(DD-175: dp. 2,050; l.376'6" ; b. 39'8" ; dr. 17'9" ; s. 37 k.; cpl. 273; a. 5 5", 10 40mm., 7 20mm.; cl. Fletcher)
William Levereth Hudson was born 11 May 1794 at Brooklyn, N.Y. His first service afloat was in the Mediterranean Squadron under Commodore Bainbridge in the schooner Alert and sloop Ontario from 1815 to 1817. Hudson was appointed midshipman 1 January 1816. In 1821-1823 he served in Dolphin on the Pacific coast of South America, and in Warren for a Mediterranean cruise 1826-1829. In 1830-1831 Hudson accompanied Lieutenant Ramsey on a tour to Russia, and then assumed duty at the New York Navy Yard. In June 1838 he was ordered to command Peacock, attached to the Wilkes Exploring Expedition. After strenuous service in the Antarctic, the South Seas, and along the coast of North America, Peacock was wrecked 18 July 1841 while attempting to cross the bar and enter the Columbia River on Wilkes' orders. Commander Hudson made every effort to free his ship but was forced to leave her, fortunately saving all his men and the scientific papers. In September 1849, after shore and lighthouse duty, he was ordered to command Vincennes, cruising the Pacific until 1852. In March 1857 Hudson, appointed captain 8 October 1855, assumed command of Niagara. That August, in conjunction with British ships, he made the first attempt at laying a transatlantic cable. This try was unsuccessful, but a second attempt met with success 10 August 1858. After commanding the Boston Navy Yard 1858-1862, Captain Hudson was made Inspector of the 3d Light House District. He died 15 October 1862 in Brooklyn.
Hudson (DD-175) was launched 3 June 1942 by the Boston Navy Yard; sponsored by Mrs. Henry H. Hough, wife of Adm. Henry H. Hough (Ret.) ; and commissioned 13 April 1943, Comdr. Richard R. Pratt in command.
After shakedown and escort duty along the Atlantic coast, Hudson sailed for Efate, New Hebrides, where she was just in time to provide fire support for the initial landings on Bougainville 1 November. As the Japanese staged a heavy air attack 8 November, Hudson helped repel them by splashing two "bogies" and assisting on a third. She then made antishipping sweeps in the Truk area and participated in operations against the Green Islands 1 February 1944. En route to the invasion Hudson attacked and sank a Japanese submarine 31 January.
Following a brief respite in Australia, Hudson steamed to Kwajalein to join the armada readying for the invasion of the Marianas. After delivering shore bombardment to clear the way for landings on Saipan, Guam, and Tinian, the tough little destroyer took part in the Battle of the Philippine Sea 19 June. Here she contributed two kills to the massive destruction of Japanese planes later known as "The Marianas Turkey Shoot". In mid-July, as the invasion of Guam was launched, Hudson steamed off the island to screen transports and chalk up another "bogie" as well as rescuing three Navy pilots and a Japanese flier. From the Marianas, Hudson steamed to Palau to support landings on Peleliu and Angaur 12-25 September. Departing Manus, Admiralty Islands, 4 October, she reached San Francisco 2 weeks later for overhaul.
After refresher training at Pearl Harbor, Hudson returned to battle, arriving off Two Jima 19 February 1945. Here she provided vital radar picket protection during the Initial invasion of that enemy bastion. While retiring from Iwo Jima after the island was secured, Hudson rescued eight survivors of a B-29 Superfortress which had crashed at sea 8 March. Her next action came as she assumed duties as a radar picket ship off Okinawa 1 April, when American troops stormed the last enemy stronghold before the home islands. On 5 April the valiant Hudson gained credit for sinking her second Japanese submarine of the war as a 6-hour attack with six barrages of depth charges resulted in the death of RO-49 off Okinawa. Although under almost constant attack by kamikazes, Hudson was to come through the war with only one injury to a crewman; that was inflicted when a kamakaze crashed close aboard 22 April 1945, clipping a chief on the head with a wingtip but missing the ship.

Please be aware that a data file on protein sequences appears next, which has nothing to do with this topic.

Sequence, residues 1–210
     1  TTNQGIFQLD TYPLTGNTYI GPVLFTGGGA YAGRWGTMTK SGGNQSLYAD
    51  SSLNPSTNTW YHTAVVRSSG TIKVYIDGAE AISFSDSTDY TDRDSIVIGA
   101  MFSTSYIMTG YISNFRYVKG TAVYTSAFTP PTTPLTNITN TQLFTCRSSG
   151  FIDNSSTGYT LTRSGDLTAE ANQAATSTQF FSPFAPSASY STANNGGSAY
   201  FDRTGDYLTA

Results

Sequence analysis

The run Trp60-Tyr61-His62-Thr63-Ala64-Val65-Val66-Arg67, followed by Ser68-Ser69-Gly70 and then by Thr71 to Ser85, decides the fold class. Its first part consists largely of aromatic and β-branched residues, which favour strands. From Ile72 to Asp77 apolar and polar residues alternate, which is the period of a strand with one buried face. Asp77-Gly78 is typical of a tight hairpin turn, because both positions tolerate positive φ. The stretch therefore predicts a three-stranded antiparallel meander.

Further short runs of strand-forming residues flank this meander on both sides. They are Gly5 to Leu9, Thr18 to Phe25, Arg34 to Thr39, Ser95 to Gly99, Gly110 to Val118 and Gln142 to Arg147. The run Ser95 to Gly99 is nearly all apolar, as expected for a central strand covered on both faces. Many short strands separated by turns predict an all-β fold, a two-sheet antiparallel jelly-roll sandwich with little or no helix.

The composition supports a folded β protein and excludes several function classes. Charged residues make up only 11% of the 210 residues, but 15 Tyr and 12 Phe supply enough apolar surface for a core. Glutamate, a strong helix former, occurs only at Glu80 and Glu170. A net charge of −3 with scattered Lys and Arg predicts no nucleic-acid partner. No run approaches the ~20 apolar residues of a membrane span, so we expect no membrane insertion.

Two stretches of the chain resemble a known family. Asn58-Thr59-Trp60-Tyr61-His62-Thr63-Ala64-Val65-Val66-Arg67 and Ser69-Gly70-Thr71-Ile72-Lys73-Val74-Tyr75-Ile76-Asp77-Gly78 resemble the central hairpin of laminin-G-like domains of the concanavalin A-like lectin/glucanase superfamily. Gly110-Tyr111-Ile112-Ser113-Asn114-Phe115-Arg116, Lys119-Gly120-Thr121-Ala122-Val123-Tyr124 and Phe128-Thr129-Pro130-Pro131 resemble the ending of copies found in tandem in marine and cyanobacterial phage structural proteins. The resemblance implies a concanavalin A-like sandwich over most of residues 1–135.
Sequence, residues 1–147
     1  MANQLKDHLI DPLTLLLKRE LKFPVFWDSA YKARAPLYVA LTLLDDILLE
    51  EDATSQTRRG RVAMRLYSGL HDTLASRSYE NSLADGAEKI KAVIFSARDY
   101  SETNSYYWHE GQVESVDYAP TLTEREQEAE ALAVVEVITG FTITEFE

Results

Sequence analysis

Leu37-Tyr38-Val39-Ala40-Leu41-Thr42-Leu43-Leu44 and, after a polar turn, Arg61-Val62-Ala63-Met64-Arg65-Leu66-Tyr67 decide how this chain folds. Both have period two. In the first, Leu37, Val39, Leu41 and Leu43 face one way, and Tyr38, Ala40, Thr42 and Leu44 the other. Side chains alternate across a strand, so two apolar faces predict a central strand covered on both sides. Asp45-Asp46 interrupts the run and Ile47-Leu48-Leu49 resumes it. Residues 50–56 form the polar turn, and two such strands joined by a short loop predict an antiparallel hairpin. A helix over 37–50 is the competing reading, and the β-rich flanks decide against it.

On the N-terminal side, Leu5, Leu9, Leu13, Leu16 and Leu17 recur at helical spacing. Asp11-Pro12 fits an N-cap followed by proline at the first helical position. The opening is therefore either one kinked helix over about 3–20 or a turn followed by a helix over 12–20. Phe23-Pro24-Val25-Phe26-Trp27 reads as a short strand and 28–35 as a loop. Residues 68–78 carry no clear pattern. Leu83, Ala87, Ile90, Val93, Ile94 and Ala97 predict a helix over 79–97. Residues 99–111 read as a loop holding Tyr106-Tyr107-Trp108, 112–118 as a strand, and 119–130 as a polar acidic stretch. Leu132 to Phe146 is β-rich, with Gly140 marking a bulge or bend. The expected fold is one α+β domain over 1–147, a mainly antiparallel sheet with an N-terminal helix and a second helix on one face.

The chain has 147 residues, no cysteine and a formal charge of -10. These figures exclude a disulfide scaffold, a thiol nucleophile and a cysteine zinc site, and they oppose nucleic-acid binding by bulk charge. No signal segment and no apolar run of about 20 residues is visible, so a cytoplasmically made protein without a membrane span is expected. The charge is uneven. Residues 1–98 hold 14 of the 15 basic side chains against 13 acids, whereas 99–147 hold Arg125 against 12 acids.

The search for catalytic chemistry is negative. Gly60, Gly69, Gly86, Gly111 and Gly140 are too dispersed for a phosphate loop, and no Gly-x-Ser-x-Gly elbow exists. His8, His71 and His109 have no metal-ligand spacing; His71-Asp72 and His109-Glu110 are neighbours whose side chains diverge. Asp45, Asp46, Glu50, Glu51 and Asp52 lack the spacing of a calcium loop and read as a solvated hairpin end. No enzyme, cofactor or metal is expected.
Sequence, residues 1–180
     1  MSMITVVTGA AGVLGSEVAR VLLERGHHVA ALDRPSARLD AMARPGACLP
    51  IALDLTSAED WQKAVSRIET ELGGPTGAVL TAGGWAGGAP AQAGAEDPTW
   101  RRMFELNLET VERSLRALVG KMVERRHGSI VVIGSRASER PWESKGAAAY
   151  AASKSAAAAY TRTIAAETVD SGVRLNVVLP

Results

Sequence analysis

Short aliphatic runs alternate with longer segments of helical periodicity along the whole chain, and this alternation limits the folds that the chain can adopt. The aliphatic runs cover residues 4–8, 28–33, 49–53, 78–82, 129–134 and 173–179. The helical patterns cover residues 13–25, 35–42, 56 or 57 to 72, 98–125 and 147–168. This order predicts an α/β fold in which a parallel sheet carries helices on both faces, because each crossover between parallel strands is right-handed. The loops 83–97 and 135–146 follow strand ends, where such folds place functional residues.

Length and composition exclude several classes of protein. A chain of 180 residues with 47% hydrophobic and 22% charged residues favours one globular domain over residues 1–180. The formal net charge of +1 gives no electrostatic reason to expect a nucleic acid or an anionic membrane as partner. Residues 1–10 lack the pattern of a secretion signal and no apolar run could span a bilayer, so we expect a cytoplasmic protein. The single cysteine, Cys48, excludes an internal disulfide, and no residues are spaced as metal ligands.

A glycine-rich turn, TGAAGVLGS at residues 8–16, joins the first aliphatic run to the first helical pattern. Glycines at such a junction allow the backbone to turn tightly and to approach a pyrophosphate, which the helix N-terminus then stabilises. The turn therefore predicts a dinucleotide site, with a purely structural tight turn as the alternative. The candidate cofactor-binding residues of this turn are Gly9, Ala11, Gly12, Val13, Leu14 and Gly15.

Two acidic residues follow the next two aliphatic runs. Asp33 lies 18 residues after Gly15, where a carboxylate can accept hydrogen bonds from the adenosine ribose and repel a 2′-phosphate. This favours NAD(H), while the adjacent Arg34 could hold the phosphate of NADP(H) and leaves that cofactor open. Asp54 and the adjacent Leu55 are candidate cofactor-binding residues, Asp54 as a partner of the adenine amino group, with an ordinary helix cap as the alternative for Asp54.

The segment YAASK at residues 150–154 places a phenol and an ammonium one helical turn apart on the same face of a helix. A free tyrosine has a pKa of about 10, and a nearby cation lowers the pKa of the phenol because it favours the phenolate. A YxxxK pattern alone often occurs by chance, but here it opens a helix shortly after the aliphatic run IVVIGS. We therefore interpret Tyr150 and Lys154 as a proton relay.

It was off Okinawa that Hudson earned the title of the "destroyer who saved a carrier." On 4 May a kamikaze crashed in the escort carrier Sangamon. Hudson steered for the fiercely blazing carrier. Despite the exploding ammunition on board the drifting carrier, the superbly managed destroyer was able to go alongside three times, getting a total of 16 hoses over the side. The overhanging flight deck of the carrier caused extensive damage to Hudson's superstructure as burning debris, and a flaming plane jettisoned by Sangamon's crew which crashed into Hudson's depth charges on the fantail, caused scattered damage. When the fires were finally under control, Hudson had suffered damage equal to that of the original victim, although the carrier had been saved with small loss of life through the destroyer's efforts, and was routed to Guam for repairs 10 May.
Promptly repaired, Hudson joined the 3d Fleet off Okinawa 22 June and then proceeded to Bniwetok for convoy duty in the Marshalls. After escorting a convoy to the Aleutians, she returned to Northern Japan to take part in the occupation and control of the enemy home islands 8 September, 6 days after the signing of unconditional surrender in Tokyo Bay. From Japan, Hudson sailed to Alaska where she began carrying veterans back to the States in Operation "Magic Carpet." She then put in at the Puget Sound Navy Yard, Bremerton, Wash., to prepare to decommission. Sailing to San Diego 15 March 1946, Hudson decommissioned and went into reserve there 31 May. In January 1947 Hudson was moved to Mare Island, Calif, where she remains.
Hudson received nine battle stars for World War II service.